Selective outrage over ‘public money to private institutions’

December 23, 2011

Thanks to Oklahoma’s new Lindsey Nicole Henry Scholarships for Students with Disabilities Program, “at least $700,000 in state public school funds will be paid this year to send special-education students to private schools in Oklahoma,” Kim Archer reported October 17 in the Tulsa World.

This causes great consternation among many of our friends in the media, in the education establishment, and on the Left generally. But I would suggest that they needn’t worry. Indeed, that $700,000 is small potatoes. Even before the Henry Scholarships existed, school districts already sent special-needs kids to private schools (as even the scholarship foes themselves readily acknowledge; see, for example, the first 15 seconds of this clip).

According to the state Department of Education, there are hundreds of private placements each year, many of which are out of state. As Curtis Killman reported December 18 in the Tulsa World, the state Department of Education spent $2 million in fiscal year 2011 to send disabled children to Heartspring, a Wichita school for disabled children.

Seven separate contracts, each from $286,320 to $287,320 in value, were with Heartspring Inc. of Wichita, records show.

The contracts were requested by Oklahoma school districts in which the children live to pay for living and educational services for students.

In justifying the request, state education officials said: “The nature and severity of the child’s disability has determined that the child simply cannot receive free appropriate public education in a regular classroom or special education in a neighborhood.”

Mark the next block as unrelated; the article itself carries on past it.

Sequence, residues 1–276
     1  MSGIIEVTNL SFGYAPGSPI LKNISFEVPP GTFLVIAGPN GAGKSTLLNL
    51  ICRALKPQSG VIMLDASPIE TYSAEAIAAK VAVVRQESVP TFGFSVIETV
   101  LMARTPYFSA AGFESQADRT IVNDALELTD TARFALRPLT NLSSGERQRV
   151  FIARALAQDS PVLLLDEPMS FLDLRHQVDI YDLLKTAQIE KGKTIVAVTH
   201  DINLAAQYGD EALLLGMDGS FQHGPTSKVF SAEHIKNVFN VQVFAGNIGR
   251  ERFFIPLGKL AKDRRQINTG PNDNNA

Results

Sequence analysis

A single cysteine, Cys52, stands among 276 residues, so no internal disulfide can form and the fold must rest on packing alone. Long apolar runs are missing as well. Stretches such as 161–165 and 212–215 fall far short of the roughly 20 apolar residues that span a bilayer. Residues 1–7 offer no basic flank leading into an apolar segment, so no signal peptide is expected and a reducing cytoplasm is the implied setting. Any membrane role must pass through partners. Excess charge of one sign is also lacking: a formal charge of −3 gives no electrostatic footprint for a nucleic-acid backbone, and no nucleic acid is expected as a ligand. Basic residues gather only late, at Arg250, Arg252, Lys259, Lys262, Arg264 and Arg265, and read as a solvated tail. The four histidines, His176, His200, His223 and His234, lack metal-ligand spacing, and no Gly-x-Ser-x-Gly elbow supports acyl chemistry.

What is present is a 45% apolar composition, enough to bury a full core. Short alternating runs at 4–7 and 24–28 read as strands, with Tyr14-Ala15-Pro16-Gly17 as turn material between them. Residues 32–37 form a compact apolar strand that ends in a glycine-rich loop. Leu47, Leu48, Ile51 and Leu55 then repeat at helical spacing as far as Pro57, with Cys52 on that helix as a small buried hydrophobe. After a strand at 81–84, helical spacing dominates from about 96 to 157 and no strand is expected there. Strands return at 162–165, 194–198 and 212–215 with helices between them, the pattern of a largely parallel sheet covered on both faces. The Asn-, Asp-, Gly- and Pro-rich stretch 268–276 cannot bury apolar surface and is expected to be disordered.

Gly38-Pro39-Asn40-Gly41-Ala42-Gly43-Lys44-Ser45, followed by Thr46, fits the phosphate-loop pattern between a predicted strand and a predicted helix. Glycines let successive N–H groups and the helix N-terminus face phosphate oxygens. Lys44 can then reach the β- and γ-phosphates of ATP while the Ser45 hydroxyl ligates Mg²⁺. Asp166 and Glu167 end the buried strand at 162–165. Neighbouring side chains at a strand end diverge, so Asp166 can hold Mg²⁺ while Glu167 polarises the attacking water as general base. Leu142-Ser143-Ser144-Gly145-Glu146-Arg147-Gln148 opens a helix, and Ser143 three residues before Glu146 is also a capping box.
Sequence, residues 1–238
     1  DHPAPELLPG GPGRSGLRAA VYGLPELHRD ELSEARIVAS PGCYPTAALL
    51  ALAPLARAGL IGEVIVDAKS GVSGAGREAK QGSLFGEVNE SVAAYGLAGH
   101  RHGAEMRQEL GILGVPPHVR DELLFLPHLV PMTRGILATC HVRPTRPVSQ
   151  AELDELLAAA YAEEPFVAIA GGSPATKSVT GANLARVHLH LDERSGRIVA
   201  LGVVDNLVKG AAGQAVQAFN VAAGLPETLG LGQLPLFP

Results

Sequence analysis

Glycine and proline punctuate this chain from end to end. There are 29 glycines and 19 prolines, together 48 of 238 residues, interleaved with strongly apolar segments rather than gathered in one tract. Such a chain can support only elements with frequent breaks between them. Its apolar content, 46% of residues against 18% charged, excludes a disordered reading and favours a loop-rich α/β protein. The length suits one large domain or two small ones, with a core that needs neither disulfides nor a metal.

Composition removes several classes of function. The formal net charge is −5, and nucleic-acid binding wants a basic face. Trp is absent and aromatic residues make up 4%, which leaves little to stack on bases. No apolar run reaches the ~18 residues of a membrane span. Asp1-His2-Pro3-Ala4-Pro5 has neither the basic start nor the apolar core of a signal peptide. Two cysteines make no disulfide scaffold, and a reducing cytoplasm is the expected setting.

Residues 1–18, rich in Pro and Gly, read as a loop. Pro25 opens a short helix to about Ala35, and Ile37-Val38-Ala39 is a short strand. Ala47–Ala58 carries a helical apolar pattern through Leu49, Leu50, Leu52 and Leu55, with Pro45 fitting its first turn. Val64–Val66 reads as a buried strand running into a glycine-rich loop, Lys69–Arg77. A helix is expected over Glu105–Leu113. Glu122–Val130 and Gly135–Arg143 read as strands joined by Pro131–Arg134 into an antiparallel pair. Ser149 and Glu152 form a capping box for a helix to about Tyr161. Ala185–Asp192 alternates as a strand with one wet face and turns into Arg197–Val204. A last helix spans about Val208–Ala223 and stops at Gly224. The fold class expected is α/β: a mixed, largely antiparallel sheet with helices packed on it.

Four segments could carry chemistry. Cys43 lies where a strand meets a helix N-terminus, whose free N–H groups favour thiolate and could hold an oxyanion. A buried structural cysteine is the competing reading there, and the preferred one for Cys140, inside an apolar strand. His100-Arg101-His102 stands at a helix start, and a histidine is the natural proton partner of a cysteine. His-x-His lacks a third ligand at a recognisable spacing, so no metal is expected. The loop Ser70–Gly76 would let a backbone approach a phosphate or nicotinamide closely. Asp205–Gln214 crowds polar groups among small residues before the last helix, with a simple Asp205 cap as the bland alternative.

Since fiscal 2007, the state has issued $8 million in contracts to Heartspring Inc., records show.

Damon Gardenhire, a state Education Department spokesman, said the services provided by Heartspring are due to “unique situations based on the special and specific nature of the service provided, as well as the limited number of facilities that can provide the services needed.”

Hmmm … $8 million to one school, and nary a peep from school administrators or their attorneys about unconstitutional “gifts.” (When school districts request that public money be sent to private schools, it’s perfectly legitimate. When parents make the request, it’s unconstitutional.)

And it’s not just disabled kids. As Patrick McGuigan has pointed out, whether we’re talking about “educating toddlers or twenty-somethings, public dollars flow to private schools all the time.” Yet there’s no hue and cry from the establishment.

Some of these private schools are even—gasp!—religious in nature. But again, this sort of thing is commonplace. As Oklahoma Solicitor General Patrick R. Wyrick reminded us in a recent brief, “there are numerous ways in which state funds benefit religious institutions and organizations”—including Medicaid dollars being spent at religiously affiliated hospitals, state-funded scholarships being used at religious colleges, and DHS funds being spent in support of various religious institutions. Yet the Left doesn’t go to war over any of this.

No, they save their hostility and vindictiveness for special-needs children, including one who has been reduced to tears and thoughts of suicide because of being harassed daily in a public school, beaten by classmates with nunchucks, and shoved against a wall by a substitute teacher.

One wishes certain Oklahoma superintendents had the confidence and the compassion of Elizabeth Fagen, the superintendent of the Douglas County School District (the third-largest district in Colorado), whose school board actually enacted a private-school voucher plan. “I’m not afraid of the competition because I believe I have some of the most amazing schools in the country, and I believe our schools can compete with any schools,” says Dr. Fagen. “But if a parent truly believes—and they know their children well—if they truly believe that a school outside of my district is going to be the school that offers that child the opportunity to maximize their full potential, I don’t want to be in the way of that. I actually want to help them get there.”